Activists who were unable to block Donald Trump’s presidential nomination are trying again, this time petitioning the Republican National Committee (RNC) to call an emergency meeting to strip him of the nod.
Just like the group’s months-long fight to stop Trump at the party convention, this latest attempt is likely to be a mostly symbolic act of defiance. Even though Trump is trailing Democratic presidential nominee Hillary Clinton in polls, an overwhelming majority of Republicans still support him, and top party leaders are rejecting calls to find a new standard-bearer with fewer than 100 days until Election Day.
And yet, the mere fact that party activists are trying yet again to rid the party of Trump reflects widespread apprehension and mounting opposition to the nominee among Republicans. Current and former GOP lawmakers, former government officials, and top-flight party consultants have said they’re leaving the party or will vote for someone else, given Trump’s recent wave of words and deeds that have insulted or worried military families, foreign policy experts, Muslims – even mothers with young crying babies.
Members of “Free the Delegates” – the movement that tried using party convention rules to snatch away the nomination and install another candidate – said Sunday that they’re reaching out to members of the RNC, which includes three representatives from each state, the District of Columbia, Puerto Rico and territories, asking that they sign a petition calling for an emergency meeting that would lead to Trump’s ouster.
Party rules dictate that members from at least 16 states can compel RNC Chairman Reince Priebus to call an emergency meeting, which he would need to convene within 10 days. At the meeting, these activists want RNC members to invoke Rule 9, which lays out how to nominate a new presidential candidate in the event of a resignation, death or other circumstance.
According to the party rule book, the RNC is “authorized and empowered to fill any and all vacancies which may occur by reason of death, declination, or otherwise of the Republican candidate for President of the United States or the Republican candidate for Vice President of the United States.” If the nominee is removed, the RNC could opt to hold a new convention or select a new candidate by holding a vote among themselves.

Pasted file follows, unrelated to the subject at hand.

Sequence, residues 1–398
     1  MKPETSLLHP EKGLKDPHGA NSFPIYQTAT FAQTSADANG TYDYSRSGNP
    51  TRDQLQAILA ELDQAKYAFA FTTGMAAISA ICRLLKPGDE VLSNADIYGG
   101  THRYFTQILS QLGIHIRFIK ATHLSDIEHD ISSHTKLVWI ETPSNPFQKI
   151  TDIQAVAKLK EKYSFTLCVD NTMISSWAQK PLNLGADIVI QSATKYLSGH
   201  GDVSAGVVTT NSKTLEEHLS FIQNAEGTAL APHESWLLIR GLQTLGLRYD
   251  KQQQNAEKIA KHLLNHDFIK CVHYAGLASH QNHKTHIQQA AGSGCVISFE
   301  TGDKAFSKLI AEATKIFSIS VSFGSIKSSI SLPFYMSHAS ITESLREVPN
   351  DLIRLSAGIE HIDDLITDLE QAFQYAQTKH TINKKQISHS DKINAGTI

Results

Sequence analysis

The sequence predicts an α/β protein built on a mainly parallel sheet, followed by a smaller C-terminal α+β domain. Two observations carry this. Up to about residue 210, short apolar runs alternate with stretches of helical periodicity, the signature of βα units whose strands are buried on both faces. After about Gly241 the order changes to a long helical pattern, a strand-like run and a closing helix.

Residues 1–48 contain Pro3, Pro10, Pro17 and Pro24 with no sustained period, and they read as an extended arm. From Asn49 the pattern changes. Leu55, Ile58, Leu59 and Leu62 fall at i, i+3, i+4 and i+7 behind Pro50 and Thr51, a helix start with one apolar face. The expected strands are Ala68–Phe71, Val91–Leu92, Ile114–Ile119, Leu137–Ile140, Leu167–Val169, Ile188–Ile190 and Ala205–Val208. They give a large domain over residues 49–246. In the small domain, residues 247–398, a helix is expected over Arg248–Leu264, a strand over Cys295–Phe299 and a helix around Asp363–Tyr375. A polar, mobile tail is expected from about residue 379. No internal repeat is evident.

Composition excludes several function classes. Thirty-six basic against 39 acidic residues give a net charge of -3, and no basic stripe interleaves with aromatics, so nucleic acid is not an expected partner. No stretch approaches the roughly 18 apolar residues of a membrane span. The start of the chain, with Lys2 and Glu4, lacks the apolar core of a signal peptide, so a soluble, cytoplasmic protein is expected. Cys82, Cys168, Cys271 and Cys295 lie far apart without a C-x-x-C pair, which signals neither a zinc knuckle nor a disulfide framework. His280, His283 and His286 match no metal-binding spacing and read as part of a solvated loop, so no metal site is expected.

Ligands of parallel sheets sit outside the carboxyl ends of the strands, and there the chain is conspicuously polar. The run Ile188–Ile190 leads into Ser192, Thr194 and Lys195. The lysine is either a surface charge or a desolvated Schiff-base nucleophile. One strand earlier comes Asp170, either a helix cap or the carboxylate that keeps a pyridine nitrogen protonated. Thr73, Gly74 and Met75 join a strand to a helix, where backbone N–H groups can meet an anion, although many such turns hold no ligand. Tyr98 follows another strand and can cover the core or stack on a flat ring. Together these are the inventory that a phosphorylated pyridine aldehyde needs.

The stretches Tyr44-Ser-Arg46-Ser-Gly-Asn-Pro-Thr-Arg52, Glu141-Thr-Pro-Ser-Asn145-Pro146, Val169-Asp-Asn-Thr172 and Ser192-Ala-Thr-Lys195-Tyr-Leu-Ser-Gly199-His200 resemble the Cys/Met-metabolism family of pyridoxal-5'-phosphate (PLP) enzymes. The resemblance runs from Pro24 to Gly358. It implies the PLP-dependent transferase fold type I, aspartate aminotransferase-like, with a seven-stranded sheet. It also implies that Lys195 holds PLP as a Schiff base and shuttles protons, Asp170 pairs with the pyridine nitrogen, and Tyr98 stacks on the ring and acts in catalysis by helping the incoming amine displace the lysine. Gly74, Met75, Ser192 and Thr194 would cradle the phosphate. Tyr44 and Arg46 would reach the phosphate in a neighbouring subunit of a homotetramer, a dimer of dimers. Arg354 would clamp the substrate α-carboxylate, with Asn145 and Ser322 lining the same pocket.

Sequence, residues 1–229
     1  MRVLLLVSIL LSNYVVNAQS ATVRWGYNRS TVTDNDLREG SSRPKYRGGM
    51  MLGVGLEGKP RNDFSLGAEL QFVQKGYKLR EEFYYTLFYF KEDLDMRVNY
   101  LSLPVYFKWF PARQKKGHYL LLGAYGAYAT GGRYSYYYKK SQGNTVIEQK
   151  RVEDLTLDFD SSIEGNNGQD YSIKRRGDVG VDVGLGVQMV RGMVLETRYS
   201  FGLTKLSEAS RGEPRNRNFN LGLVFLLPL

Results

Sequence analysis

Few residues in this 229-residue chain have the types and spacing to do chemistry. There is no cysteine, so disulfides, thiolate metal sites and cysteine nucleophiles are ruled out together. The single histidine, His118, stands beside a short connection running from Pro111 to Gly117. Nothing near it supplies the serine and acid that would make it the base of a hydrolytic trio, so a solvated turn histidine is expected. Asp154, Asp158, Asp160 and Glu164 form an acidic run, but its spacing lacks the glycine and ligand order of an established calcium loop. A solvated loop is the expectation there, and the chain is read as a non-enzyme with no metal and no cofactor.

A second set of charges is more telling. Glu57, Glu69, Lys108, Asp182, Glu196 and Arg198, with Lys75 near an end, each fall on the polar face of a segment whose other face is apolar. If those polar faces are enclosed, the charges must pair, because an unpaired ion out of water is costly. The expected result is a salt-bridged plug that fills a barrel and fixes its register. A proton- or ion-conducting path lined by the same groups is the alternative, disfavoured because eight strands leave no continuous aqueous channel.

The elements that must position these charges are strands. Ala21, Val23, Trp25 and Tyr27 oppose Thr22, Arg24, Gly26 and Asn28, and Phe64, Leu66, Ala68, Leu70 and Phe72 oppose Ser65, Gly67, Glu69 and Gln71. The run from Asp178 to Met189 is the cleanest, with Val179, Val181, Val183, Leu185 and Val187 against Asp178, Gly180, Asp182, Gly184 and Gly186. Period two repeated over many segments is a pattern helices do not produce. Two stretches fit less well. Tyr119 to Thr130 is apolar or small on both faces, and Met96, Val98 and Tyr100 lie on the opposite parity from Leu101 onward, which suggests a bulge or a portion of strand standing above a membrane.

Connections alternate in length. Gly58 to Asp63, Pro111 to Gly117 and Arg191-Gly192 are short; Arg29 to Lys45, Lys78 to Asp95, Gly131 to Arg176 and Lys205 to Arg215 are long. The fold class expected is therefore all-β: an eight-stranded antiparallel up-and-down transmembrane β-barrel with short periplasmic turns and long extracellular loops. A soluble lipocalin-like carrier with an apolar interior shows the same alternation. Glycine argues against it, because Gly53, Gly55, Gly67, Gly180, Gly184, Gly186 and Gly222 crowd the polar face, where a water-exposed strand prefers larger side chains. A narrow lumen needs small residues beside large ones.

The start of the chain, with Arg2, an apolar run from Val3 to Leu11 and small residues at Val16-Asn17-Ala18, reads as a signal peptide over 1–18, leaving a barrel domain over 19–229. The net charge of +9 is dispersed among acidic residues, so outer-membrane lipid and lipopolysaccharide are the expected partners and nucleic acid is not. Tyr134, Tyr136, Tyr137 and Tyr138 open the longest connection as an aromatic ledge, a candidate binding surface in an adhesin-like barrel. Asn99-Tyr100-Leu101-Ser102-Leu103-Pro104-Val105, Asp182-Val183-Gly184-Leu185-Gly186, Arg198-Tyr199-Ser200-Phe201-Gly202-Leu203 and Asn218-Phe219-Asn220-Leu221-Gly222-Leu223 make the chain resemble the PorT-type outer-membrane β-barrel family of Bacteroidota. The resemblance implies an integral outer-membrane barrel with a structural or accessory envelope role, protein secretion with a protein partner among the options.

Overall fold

“It is our goal to recall him,” said Beau Correll, a Virginia lawyer. He was a delegate to the Republican National Convention who filed a federal court case challenging party rules and state laws that required him to vote for Trump at the convention.
Correll and other members of the group want the RNC to focus on Rule 9’s use of the word “otherwise” – they feel that Trump’s recent round of missteps justify the party dropping him. They claim they started reaching out to RNC members on Sunday, asking that they sign documents refuting Trump’s selection and send them to Priebus:
But several RNC members said Sunday that they hadn’t heard from the activists – and aren’t interested in revoking Trump’s nomination.
“Have not heard from them. Won’t support them,” Toni Anne Dashiell, an RNC member from Texas, said in an e-mail.
“I have not [heard from the group] and I believe that they will not have any semblance of success,” said Christine Toretti, an RNC member from Pennsylvania.
“Haven’t heard from anyone on this,” said John Ryder, an RNC member from Tennessee and the organization’s chief counsel.
Free the Delegates claimed to have the support of hundreds of convention delegates and alternate delegates, but they repeatedly were unable to change the party’s rules, force up-or-down votes during the convention or compel party leaders to enter other candidates’ names into nomination. In response, they booed loudly from the convention floor and some staged a walkout. But otherwise, their concerns were widely disregarded during the Cleveland convention.